6. Hellraiser 2022 (October 7) HULU
That damn puzzle box is back which means it’s time for a new generation to encounter the pleasurably pain-thirsty Cenobites. Actress Jamie Clayton is portraying 2022’s Pinhead in a depiction far more faithful to the one in Clive Barker’s original novel, Hellbound Heart, where he’s described as an androgynous being with a feminine voice. In the film, Riley (Odessa A’zion of Let’s Scare Julie) is recovering from addiction when she finds herself in possession of the iconic puzzle box that leads to her brother’s disappearance. Soon, she meets the otherworldly sadists that will satiate fans of the original Hellraiser franchise and likely traumatize newcomers. You can stream it now on Hulu.
7. The Midnight Club (October 7) NETFLIX
It just wouldn’t be spooky season without a contribution from Mike Flanagan, whose work I’ve been praising for years. His latest delivery is a teen Netflix series but it’s already made headlines for its heaping amount of jumpscares in the pilot alone. The series follows a group of teenagers with cancer living in a hospice house in 1994 who gather in their spooky library each night when the clock strikes tomorrow to exchange scary stories and toast to their departed friends. It promises to be just as heartbreaking as it does heartjumping since there’s nothing Flanagan loves more than characters who are no strangers to death as they deliver lengthy, trauma-laden monologues. It dropped on Netflix today.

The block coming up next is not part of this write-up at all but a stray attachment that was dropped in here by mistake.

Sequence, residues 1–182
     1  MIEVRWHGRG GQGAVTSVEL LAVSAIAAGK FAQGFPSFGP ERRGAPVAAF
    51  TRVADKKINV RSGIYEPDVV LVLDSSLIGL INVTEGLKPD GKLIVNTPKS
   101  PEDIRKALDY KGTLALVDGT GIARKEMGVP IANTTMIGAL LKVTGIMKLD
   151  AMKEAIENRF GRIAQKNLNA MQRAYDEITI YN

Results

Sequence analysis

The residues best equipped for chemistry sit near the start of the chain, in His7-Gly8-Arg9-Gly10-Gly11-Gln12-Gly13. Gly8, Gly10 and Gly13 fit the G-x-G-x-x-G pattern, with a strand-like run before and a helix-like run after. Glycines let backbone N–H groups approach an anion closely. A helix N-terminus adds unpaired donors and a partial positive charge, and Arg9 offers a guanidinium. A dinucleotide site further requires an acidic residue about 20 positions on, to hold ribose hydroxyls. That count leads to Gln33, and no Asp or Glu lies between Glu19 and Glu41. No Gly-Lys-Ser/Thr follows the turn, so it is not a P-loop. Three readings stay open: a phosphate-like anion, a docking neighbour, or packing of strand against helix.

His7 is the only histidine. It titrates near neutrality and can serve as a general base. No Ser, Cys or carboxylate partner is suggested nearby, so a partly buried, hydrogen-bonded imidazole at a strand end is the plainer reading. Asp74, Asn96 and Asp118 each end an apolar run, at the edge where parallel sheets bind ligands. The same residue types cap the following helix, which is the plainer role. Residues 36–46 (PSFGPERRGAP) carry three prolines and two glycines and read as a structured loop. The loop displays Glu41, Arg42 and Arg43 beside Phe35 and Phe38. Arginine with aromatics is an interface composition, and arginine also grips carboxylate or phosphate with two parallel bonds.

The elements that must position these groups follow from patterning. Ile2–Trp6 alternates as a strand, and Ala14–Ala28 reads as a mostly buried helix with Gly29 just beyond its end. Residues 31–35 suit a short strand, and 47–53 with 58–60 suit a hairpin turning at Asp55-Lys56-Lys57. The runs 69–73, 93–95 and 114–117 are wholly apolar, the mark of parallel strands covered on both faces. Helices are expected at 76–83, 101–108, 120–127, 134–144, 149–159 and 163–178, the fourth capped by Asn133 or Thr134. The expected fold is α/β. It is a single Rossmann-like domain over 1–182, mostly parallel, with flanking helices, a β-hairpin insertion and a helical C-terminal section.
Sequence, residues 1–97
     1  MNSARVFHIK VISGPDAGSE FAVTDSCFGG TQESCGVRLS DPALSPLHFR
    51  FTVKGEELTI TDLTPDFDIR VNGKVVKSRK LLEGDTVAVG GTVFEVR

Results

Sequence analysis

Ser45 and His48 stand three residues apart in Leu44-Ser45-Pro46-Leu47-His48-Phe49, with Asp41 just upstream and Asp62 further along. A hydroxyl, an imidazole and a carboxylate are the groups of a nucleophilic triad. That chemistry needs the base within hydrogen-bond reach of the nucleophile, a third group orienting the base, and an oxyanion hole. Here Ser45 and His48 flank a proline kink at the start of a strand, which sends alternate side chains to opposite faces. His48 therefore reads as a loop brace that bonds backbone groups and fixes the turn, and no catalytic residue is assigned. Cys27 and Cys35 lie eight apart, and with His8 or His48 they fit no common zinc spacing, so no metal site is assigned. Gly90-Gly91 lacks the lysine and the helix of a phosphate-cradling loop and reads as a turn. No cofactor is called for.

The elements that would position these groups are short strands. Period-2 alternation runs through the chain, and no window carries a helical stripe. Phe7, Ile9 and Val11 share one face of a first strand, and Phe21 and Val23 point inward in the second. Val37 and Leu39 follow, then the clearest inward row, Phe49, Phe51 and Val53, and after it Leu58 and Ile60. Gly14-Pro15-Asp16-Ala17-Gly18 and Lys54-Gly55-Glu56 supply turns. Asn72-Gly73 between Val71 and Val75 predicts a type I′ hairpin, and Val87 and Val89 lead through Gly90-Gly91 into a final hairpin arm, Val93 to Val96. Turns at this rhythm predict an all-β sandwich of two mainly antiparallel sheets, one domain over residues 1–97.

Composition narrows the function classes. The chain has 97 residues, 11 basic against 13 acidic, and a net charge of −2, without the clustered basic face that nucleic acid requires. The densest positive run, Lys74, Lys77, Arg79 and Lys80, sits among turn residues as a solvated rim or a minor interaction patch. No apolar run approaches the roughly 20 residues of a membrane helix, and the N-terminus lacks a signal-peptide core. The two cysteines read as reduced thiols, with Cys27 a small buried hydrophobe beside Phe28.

8. Grimcutty (October 8) HULU
As part of Hulu’s Huluween rollout, Grimcutty features a modern Boogyman brought to life from a meme. Directed by John Ross who brought us the incredibly creepy 2016 short film, The Birch, his latest work features a town of parents convinced that a viral internet challenge—Grimcutty—is inspiring kids to self-harm. The plot is reminiscent of the real-life “Momo Challenge” of 2018 when rumors surfaced of a hollow-eyed animation with a warped smile sneaking into children’s games and urging kids to kill themselves; this was later debunked. But in Ross’s film, the frenzy of the parents seems to manifest “Grimcutty” into an actual creature which then begins its hunt. Sara Wolfkind plays Asha Chaudry, a teenage girl the monster is stalking, though her parents believe it’s Sara committing the violent acts. You can stream it tomorrow on Hulu.